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HomeAJTP 2023 Current Issues Conference

Evaluating a Mental Health Screening Process in a Youth Criminal Court

Researchers discuss preliminary results of evaluations of two court programs for youth with mental health needs: a systematic mental health screening program and a youth mental health court. They identify program strengths and recommend practices that support youths’ access to services to address their needs. 

Speaker Bios

 Dr. Michele Peterson-Badali

Michele Peterson-Badali is a professor in the Department of Applied Psychology and Human Development at the Ontario Institute for Studies in Education, University of Toronto. She has taught in the areas of professional psychology ethics, child psychological assessment, and children, psychology and the law. Her research examines issues in youth criminal justice psychology. Current projects focus on effective assessment and intervention for justice system-involved youth mental health. In addition to scholarly dissemination of her work, Dr. Peterson-Badali is actively engaged in bringing her research findings into the spheres of public policy and practice; she has conducted research and provided policy consultation for Canada's Department of Justice, provided consultation and training to various youth courts and probation offices, and served as an expert witness for the Ontario Advocate for Children and Youth. (131 words)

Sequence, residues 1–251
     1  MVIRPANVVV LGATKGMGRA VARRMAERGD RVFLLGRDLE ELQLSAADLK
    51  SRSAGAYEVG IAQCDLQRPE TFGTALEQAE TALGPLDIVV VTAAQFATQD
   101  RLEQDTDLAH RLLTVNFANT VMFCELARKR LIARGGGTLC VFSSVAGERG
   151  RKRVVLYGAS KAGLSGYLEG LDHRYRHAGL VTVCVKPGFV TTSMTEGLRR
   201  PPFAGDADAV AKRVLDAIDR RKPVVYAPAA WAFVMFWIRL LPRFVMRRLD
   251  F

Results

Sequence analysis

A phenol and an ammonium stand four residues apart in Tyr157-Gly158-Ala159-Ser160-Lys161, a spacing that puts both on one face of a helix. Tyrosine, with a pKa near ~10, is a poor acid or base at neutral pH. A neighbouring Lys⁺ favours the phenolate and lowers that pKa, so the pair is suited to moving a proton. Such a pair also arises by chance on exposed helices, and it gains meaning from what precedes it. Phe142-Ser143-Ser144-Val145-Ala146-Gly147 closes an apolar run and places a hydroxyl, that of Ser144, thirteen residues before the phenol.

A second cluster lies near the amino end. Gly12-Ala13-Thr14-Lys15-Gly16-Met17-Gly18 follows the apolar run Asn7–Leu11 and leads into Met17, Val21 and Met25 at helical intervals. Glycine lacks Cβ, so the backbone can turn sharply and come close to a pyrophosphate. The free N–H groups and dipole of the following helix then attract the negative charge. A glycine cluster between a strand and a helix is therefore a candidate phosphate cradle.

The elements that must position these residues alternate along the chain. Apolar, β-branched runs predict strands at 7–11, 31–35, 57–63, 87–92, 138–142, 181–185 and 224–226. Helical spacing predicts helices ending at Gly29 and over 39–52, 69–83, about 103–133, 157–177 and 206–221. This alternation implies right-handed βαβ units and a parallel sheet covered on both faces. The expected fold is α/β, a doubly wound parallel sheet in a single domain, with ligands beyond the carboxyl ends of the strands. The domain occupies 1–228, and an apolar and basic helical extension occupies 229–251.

Aminah Chambers

Aminah Chambers is a PhD candidate in the Youth Justice Lab under the supervision of Dr. Michele Peterson-Badali at the University of Toronto/OISE. Her research interests are in the area of adolescent mental health and improving outcomes for justice-involved youth. Using both qualitative and quantitative methods, her research focuses on examining court processes for youth and their families who encounter the justice system, and ways that courts can identify and address the complex needs of youth with mental health issues. She is also interested in identifying factors that contribute to justice system outcome disparities for marginalized youth, and identifying risk and strength factors for criminal offending in justice-involved girls and women.